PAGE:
Original excerpt : « A book is a writing which contains a discourse addressed by someone to the public, through visible signs of speech. It is a matter of indifference to the present considerations whether it is written by a pen or imprinted by types, and on few or many pages. He who speaks to the public in his own name is the author. He who addresses the writing to the public in the name of the author is the publisher. When a publisher does this with the permission or authority of the author, the act is in accordance with right, and he is the rightful publisher; but if this is done without such permission or authority, the act is contrary to right, and the publisher is a counterfeiter or unlawful publisher. The whole of a set of copies of the original document is called an edition. The Unauthorized Publishing of Books is Contrary to the Principles of Right, and is Rightly Prohibited. A writing is not an immediate direct presentation of a conception, as is the case, for instance, with an engraving that exhibits a portrait, or a bust or cast by a sculptor. It is a discourse addressed in a particular form to the public; and the author may be said to speak publicly by means of his publisher. The publisher, again, speaks by the aid of the printer as his workman (operarius), yet not in his own name, for otherwise he would be the author, but in the name of the author; and he is only entitled to do so in virtue of a mandate given him to that effect by the author. Now the unauthorized printer and publisher speaks by an assumed authority in his publication; in the name indeed of the author, but without a mandate to that effect (gerit se mandatarium absque mandato). Consequently such an unauthorized publication is a wrong committed upon the authorized and only lawful publisher, as it amounts to a pilfering of the profits which the latter was entitled and able to draw from the use of his proper right (furtum usus). Unauthorized printing and publication of books is, therefore, forbidden.as an act of counterfeit and piracy.on the ground of right. There seems, however, to be an impression that there is a sort of common right to print and publish books; but the slightest reflection must convince any one that this would be a great injustice. The reason of it is found simply in the fact that a book, regarded from one point of view, is an external product of mechanical art (opus mechanicum), that can be imitated by any one who may be in rightful possession of a copy; and it is therefore his by a real right. But, from another point of view, a book is not merely an external thing, but is a discourse of the publisher to the public, and he is only entitled to do this publicly under the mandate of the author (praestatio operae); and this constitutes a personal right. The error underlying the impression referred to, therefore, arises from an interchange and confusion of these two kinds of right in relation to books. » (Translation by W. Hastie)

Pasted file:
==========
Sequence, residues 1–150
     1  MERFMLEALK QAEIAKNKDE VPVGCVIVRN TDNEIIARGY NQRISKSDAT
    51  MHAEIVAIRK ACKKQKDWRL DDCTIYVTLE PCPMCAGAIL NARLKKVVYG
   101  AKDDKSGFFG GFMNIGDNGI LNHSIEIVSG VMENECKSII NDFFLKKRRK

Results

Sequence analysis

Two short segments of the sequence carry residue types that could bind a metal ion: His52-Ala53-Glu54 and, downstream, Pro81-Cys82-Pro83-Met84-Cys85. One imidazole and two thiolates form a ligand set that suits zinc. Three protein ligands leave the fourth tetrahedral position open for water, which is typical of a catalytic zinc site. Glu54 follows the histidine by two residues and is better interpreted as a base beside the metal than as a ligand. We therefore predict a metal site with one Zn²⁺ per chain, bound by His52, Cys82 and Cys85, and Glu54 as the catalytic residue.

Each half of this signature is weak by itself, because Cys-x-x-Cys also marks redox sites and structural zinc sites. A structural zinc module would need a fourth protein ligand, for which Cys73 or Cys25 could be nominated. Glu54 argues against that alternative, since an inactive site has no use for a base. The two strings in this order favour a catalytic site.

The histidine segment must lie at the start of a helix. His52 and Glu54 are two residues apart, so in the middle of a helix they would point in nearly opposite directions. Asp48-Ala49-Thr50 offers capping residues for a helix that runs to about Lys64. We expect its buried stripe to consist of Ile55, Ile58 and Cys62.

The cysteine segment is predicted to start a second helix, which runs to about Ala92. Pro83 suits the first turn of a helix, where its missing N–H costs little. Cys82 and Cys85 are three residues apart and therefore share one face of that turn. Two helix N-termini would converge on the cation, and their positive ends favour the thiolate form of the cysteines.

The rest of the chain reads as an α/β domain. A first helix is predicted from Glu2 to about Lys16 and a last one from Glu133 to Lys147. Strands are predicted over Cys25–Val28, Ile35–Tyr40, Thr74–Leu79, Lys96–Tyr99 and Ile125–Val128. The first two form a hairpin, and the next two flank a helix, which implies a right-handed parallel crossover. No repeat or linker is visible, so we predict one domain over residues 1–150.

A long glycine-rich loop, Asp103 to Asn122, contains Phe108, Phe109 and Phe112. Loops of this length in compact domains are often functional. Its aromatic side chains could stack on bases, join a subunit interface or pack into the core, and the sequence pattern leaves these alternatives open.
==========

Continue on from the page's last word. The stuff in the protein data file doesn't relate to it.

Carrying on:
Source : Kant, Immanuel (1790), “The Science of Right”
Source : Kant, Immanuel (1797), “Metaphysik der Sitten”, in Kant, Gesammelte Schriften, (1902), Berlin, Walter de Gruyter, 1968, Volume VI, pp. 203-491, and pp. 289-290, English translation as The Science of Right,, § 31, II.
Urls : http://www.marxists.org/reference/subject/ethics/kant/morals/ch04.htm (last visited ) http://www.mv.helsinki.fi/home/tkannist/E-texts/Kant/Right/ (last visited ) http://www.princeton.edu/csb/conferences/december_2004/papers/Chartier_Paper.doc (last visited ) http://stl.recherche.univ-lille3.fr/sitespersonnels/macherey/Machereylivre.html (last visited )